Tips for Writing Erotic Fiction
on 17 Sep 2018
Have you ever thought about writing your own erotic stories? Or maybe memoirs? Then you're not alone.
Lots of people feel awkward about sharing their writing – understandably so, if you've ever read a comment section anywhere on the internet.
It's scary to put yourself out there. But it can also be a huge turn-on, and ultimately rewarding.
Even if your audience is just yourself and a lover, erotic writing is a great way to explore fantasies. Writing can relieve stress, and when you're doing it for fun, it can be a welcome break from academic assignments.
If you've ever thought about putting pen to paper, or fingers to keyboard as it's now more often known (though it does sound slightly less romantic), here are some small steps to get you started.
Writing, like other tasks you give yourself to do, can cause undue pressure on yourself. Not sexy.
The first step is acceptance; nobody is expecting you to write the next Fifty Shades.
Remind yourself you are writing for you. Grammar, structure, narrative... pffft, get your ideas down and you can fine tune later.
If it stops being fun, stop writing.
Much like bedroom activities, there is no right way to write.
Try journaling, blogging, poetry, lists, recording your voice, writing the same paragraph in eight different ways, expressive dance... Express yourself the way that feels best for you.
Your voice is unique, so you need to learn to embrace it in all its glory.
OK. So you know what you want to write about. You've pictured the steamy details in your mind. What next?
Starting a story can be tough. A good way to begin is to start from the section you want to write about, and you can fill in the details later.
Or ask yourself, how did my character get to this point? What were they doing half an hour ago? This morning? Were they looking forward to a sexual rendezvous? Or were they preoccupied by some mundane task?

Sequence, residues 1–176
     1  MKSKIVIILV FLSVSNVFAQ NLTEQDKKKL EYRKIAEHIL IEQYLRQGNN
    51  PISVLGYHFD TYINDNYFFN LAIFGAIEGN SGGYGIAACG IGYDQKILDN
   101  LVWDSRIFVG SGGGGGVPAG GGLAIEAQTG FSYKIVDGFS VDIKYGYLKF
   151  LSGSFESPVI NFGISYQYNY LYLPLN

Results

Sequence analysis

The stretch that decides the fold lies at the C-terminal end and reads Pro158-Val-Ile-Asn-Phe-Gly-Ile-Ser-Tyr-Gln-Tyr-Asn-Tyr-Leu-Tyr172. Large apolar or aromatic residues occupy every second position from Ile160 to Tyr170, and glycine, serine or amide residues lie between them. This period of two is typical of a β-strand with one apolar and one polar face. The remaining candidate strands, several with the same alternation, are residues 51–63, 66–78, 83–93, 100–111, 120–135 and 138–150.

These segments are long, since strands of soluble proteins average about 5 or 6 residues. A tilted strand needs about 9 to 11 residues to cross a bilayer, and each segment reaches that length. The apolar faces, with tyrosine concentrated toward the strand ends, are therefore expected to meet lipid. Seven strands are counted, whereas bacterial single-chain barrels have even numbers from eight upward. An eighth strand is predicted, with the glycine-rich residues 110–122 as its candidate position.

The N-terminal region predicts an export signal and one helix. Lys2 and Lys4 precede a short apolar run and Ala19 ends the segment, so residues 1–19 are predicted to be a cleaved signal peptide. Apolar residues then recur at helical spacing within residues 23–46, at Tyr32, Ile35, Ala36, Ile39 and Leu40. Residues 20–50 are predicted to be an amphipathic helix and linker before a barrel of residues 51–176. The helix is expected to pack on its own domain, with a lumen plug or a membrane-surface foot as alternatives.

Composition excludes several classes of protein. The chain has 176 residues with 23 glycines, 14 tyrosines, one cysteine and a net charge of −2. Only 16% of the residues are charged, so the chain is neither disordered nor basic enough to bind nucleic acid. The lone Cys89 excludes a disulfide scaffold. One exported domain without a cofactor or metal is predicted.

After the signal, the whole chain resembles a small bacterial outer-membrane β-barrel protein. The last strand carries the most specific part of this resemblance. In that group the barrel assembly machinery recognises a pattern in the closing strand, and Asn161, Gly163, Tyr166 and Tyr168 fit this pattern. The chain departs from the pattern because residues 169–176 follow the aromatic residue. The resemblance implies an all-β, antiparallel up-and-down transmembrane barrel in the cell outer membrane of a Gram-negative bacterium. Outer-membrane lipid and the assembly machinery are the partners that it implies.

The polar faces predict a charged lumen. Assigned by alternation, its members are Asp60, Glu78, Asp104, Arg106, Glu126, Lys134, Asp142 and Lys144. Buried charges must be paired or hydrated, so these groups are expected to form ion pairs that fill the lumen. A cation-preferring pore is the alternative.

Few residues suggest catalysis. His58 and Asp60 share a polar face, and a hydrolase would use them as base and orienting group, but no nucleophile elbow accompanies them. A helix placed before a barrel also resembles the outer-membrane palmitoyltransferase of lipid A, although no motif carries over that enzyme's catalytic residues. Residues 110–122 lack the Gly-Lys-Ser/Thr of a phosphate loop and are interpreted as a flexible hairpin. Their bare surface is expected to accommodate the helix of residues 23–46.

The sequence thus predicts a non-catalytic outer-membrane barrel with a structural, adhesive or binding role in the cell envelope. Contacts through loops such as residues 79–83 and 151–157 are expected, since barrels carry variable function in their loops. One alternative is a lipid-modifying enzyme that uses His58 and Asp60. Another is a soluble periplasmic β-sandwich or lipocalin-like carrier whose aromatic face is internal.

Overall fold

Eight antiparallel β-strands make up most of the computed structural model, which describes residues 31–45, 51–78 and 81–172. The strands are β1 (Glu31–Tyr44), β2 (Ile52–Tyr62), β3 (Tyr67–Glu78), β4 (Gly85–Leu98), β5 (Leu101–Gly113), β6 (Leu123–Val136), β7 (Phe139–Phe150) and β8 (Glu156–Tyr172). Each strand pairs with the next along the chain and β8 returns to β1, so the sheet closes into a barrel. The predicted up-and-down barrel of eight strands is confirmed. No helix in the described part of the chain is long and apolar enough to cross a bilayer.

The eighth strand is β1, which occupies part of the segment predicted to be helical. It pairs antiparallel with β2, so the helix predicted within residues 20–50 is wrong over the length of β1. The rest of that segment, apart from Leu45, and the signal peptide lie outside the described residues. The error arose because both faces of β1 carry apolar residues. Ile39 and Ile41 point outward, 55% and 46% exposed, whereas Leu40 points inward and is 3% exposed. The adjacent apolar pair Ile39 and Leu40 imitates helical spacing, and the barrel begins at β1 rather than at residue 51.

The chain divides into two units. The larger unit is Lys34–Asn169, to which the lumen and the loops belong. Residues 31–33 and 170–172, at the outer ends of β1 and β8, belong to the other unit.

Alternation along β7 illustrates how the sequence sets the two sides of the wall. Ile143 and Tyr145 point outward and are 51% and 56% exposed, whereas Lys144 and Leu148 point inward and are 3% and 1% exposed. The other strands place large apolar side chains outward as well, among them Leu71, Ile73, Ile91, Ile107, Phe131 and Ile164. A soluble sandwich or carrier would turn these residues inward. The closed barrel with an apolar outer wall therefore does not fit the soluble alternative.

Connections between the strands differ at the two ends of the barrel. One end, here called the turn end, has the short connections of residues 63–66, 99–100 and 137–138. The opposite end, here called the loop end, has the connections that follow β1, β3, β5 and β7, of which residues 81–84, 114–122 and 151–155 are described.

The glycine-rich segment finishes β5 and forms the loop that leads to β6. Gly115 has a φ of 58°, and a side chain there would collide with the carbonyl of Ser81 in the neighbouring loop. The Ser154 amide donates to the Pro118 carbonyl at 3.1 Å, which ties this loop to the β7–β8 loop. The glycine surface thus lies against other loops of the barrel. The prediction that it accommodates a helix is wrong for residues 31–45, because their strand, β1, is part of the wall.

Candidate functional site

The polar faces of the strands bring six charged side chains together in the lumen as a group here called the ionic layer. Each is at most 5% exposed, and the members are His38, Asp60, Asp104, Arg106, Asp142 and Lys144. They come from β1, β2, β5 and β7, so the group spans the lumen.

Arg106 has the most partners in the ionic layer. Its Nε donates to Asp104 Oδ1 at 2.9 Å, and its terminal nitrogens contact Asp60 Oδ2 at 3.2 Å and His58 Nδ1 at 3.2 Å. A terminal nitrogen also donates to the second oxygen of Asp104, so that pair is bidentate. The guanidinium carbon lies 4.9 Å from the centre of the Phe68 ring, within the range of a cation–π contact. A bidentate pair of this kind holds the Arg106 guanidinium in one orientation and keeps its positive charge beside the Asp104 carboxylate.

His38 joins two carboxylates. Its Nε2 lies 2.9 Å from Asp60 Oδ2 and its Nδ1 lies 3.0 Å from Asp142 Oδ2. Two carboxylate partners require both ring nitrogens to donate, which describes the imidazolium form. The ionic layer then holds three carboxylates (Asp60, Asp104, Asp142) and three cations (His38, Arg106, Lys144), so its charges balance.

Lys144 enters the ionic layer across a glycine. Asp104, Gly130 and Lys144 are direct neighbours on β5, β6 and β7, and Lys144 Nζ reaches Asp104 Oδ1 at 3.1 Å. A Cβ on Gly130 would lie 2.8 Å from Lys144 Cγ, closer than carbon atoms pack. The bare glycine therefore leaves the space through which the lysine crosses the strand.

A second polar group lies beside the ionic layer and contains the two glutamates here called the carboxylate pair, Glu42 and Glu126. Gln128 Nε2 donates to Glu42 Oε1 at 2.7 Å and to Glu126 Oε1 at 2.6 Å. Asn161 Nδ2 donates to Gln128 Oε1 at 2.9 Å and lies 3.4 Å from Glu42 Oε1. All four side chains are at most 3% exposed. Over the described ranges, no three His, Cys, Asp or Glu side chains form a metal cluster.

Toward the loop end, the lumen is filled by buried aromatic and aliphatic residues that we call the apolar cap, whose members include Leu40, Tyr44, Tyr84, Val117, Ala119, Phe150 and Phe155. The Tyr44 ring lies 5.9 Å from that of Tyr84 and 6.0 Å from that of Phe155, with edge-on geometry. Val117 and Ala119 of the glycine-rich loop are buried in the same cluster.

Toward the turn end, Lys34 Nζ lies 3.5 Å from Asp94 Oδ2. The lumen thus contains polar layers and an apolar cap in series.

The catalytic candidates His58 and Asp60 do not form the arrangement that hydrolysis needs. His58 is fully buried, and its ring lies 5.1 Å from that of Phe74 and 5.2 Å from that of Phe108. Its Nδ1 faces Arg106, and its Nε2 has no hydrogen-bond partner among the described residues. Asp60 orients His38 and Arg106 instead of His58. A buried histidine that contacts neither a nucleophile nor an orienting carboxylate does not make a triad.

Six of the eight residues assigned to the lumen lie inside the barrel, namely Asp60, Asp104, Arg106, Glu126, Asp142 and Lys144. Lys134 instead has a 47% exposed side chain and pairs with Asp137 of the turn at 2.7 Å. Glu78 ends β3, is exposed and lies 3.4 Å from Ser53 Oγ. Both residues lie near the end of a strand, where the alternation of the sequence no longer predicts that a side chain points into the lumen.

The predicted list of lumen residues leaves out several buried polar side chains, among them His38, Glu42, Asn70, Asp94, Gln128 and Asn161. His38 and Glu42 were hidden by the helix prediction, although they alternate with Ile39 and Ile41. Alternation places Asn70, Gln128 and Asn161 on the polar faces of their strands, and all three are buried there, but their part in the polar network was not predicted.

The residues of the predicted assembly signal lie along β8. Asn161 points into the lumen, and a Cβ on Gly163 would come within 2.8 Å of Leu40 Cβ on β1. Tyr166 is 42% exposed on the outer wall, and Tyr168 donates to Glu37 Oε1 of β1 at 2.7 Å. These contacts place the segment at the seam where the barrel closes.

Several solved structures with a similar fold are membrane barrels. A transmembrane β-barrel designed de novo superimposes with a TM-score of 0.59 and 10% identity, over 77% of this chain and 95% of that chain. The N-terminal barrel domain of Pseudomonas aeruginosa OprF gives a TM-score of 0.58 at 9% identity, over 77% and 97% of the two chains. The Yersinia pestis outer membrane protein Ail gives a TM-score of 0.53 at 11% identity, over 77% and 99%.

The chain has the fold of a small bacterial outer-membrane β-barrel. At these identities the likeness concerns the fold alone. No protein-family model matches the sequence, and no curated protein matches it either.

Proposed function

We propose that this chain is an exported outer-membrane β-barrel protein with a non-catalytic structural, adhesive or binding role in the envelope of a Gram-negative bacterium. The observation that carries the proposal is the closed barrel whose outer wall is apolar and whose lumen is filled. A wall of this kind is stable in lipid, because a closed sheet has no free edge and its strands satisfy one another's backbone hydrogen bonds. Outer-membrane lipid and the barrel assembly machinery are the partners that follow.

Start with what you know and want, then fill in the blanks.
Creating a character is another tricky part of storytelling, but do you know what's hot? If you or your lover are the character(s).
Remember you're not writing a newspaper article, you are not required to be accurate or cite correctly.
If anything, use yourself or someone you know as a character base and elaborate. If you like your feet being tickled, your character might like to be tickled.
If you're stuck for ideas, how about imagining your character is lounging on the sofa waiting for inspiration on a hot summer night, when they hear the familiar sound of their lover's bicycle stopping outside their window, making them excited in anticipation?
Make your experience part of your character's experience.
if you're planning on sharing or publishing your story, get consent from your lover if you want to write a story about them where the character is obviously them and readers would be able to identify them.
If you are worried about your writing falling into the wrong hands, or you just don't want to be associated with your writing, change identifying features such as names and locations.
Using people you know as character bases should be for establishing character traits and behaviours only. You don't want to write an exposé about other people.
One of the fun things about writing is it gives you a good excuse to read other erotica for research purposes.
Take a look at stories such as Pleasure Bound by Lexy Lenox, Earth Angel by Lacey Cummings and They Get Lonely Too by Deacon Redwood for ideas, or browse through Lovehoney's erotic fiction-related blog posts and forums.
Do you have people in your life who are wordy and/or imaginative? Maybe you can work together on a story.
Share drafts, give feedback and became an erotic fiction writing badass team.
Sometimes reading back over your writing is like hearing your voice on an answerphone message.
We all get a little self-conscious and that's fine. You may think your writing is too graphic, too flowery or just too boring. It's not.
It's your voice; if you want to metaphors and symbolism – that's cool. If you want to use profanities, f**king well go for it.
Is this OK?
Do you have a kink, fetish or fantasy you think might be a little too weird?
Firstly, read this blog post, and secondly, remember you are writing fiction rather than your last confession.
Writing is a good place to explore your own desires, with control and reflection.
Not sure where to finish off? That's a fun aspect of erotic fiction.
Unlike an essay, you don't need a conclusion and evaluation. End on a cliffhanger to tease your audience and have them wanting more.
If you've written erotic fiction, or love reading it, we'd love to hear your thoughts below.
Nina is a postgraduate art student in Brighton. Which means she can make origami genitals and pass it off as work. She likes thinking about gender, consent and body positivity.
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